Remote Sensing - a tool for environmental observation

Consequently remote sensing observations are limited

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Consequently, remote sensing observations are limited to the parts of the atmosphere that transmit radiation (table 1.1). These parts of the spectrum are called atmospheric windows . The most important atmospheric windows for remote sensing are: Visible region: 0.4 - 0.7 μm Infrared 0.7 - 2.5 μm Thermal infrared 3.0 - 5.0 μm Thermal infrared 8.0 - 14.0 μm Microwave (radar) 0.01 - 1.0 m Figure 1.6 Atmospheric windows in the visible, infrared and microwave regions of the spectrum. Wavelengths bands of commonly used remote sensing systems are shown.
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11 Figure 1.7 Atmospheric absorption and atmospheric scattering of electromagnetic radiance by particles in the atmosphere. Scattering Atmospheric scattering results from interactions between radiation and gases and particles in the atmosphere (figure 1.7 and table 1.1). Two types of scattering are recognized : selective scattering and non-selective scattering . In non-selective scattering all wavelengths of light are equally scattered. Non-selective scattering is caused by particles (dust, clouds and fog) much larger than the energy wavelengths being sensed. Water droplets with a diameter of 5 to 100 μm cause for example non-selective scattering. In selective scattering, the shorter wavelengths of ultraviolet and blue are scattered more severely than the longer wavelengths. Selective scattering is caused by smoke, fumes and by gases such as nitrogen, oxygen and carbon dioxide. Examples of selective scattering are Rayleigh scatter and Mie scatter. Rayleigh scatter is the most common type of scattering and affects the short visible wavelengths. It results in haze. Rayleigh scatter is caused by particles in the atmosphere much smaller than the wavelength of radiation (< 0.1 λ ). A blue sky is a result of Rayleigh scatter. Various types of atmosphere and their degree of Rayleigh scatter are shown in figure 1.8. Mie scatter is caused by particles in the atmosphere with the same size as the wavelength of radiation e.g. water vapour and dust.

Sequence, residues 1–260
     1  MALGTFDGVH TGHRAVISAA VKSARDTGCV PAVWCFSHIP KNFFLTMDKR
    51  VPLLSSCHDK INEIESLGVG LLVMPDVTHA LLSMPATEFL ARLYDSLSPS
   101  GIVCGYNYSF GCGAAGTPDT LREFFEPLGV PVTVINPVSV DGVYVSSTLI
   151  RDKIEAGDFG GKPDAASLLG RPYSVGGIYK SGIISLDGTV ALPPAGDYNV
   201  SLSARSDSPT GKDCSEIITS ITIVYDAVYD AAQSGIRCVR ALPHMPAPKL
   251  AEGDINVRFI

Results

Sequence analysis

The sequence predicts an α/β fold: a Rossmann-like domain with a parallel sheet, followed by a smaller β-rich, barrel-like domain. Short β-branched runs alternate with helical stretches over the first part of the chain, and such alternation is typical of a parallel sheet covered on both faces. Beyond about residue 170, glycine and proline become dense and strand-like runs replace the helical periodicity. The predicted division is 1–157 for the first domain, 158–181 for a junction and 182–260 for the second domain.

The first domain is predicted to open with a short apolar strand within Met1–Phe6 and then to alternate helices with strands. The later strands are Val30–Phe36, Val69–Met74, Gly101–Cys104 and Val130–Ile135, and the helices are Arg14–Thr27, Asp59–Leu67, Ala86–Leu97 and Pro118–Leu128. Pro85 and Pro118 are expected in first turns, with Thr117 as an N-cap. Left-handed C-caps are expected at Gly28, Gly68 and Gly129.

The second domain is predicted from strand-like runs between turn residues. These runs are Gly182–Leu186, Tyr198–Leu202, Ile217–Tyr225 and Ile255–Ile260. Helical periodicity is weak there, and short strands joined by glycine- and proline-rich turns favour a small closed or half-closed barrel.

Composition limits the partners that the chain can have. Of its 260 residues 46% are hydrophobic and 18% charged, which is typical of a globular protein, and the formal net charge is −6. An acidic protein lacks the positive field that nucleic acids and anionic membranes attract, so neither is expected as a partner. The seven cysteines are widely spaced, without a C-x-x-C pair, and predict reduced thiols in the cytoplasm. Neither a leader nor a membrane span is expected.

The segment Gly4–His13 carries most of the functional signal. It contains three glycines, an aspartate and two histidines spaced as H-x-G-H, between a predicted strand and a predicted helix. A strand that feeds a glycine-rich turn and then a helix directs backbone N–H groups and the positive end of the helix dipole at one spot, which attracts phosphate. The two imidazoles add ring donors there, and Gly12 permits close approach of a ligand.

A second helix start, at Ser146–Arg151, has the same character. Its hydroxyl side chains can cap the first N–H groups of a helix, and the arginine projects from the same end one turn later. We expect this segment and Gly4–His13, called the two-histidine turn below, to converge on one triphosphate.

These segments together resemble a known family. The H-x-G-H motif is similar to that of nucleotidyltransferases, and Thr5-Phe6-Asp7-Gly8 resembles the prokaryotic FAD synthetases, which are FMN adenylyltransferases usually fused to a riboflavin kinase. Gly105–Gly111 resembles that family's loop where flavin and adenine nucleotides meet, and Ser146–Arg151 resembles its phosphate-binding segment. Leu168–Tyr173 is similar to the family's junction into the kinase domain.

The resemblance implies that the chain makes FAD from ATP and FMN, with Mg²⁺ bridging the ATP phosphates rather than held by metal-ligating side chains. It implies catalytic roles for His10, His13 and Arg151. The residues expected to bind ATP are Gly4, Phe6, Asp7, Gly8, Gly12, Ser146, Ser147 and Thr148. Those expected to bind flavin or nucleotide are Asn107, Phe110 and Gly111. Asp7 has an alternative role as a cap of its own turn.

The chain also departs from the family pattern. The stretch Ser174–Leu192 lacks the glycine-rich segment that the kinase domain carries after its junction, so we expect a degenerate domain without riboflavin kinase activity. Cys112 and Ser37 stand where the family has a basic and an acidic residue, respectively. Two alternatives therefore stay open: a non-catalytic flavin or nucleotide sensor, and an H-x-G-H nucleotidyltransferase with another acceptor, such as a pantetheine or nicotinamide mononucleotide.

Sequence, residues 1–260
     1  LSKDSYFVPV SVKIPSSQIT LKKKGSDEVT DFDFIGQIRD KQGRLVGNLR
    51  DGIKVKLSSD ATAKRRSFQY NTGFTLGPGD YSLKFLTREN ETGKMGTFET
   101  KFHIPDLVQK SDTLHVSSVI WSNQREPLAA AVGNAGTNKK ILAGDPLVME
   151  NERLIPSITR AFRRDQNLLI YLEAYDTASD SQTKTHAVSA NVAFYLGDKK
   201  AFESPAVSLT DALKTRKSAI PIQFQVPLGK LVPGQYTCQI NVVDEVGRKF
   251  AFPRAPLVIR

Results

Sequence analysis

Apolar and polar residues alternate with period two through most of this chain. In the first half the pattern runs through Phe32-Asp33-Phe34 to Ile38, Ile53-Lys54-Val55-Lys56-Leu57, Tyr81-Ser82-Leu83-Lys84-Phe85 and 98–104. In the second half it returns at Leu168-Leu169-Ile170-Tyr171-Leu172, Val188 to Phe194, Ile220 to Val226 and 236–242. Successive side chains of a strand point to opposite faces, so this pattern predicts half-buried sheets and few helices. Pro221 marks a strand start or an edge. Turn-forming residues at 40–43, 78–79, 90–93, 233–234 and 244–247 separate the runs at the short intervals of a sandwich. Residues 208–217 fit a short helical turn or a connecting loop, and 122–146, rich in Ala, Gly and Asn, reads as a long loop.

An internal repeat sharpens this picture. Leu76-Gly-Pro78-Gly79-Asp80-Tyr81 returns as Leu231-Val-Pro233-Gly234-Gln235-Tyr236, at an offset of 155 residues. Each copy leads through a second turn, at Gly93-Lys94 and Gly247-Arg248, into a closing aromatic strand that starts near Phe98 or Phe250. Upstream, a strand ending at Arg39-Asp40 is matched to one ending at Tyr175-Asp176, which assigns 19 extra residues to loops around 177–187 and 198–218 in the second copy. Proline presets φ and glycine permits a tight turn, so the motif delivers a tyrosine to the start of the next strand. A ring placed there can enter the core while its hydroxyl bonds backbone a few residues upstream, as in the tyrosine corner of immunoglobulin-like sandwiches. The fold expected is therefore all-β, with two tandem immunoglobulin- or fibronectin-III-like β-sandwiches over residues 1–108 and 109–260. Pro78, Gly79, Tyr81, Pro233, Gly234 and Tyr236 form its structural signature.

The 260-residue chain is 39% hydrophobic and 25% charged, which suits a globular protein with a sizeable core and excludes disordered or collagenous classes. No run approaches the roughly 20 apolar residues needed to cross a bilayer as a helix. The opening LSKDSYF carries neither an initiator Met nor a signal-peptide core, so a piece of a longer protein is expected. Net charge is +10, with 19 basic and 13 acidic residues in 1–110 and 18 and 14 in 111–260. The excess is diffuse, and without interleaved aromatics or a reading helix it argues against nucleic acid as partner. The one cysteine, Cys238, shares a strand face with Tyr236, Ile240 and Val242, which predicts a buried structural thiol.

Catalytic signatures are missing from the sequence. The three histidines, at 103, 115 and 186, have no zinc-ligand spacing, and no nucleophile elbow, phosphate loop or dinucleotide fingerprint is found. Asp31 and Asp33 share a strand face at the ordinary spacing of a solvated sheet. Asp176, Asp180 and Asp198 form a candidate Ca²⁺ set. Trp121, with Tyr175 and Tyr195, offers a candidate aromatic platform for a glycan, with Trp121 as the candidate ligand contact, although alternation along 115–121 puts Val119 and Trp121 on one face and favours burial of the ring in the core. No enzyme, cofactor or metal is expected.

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12 Figure 1.8 Relative scatter as a function of wavelength for various levels of atmospheric haze. Table 1.1 Types of atmospheric scattering in order of importance (Curran, 1985).
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13 1.5 Interactions mechanisms with the earth surface Environmental researchers using remote sensing techniques are mainly interested in the interaction mechanisms between radiation and the objects at the surface of the earth (except of course when the atmosphere and its constituents are the research topic e.g. for ozone or CFK concentration or aerosol studies). Atmospheric interference makes things only difficult for people interested in land applications of remote sensing. Electromagnetic energy that encounters matter, whether solid, liquid or gas, is called incident radiation. Interactions with matter can change the following properties of the incident radiation: - intensity; - direction; - wavelength; - polarization; - phase.
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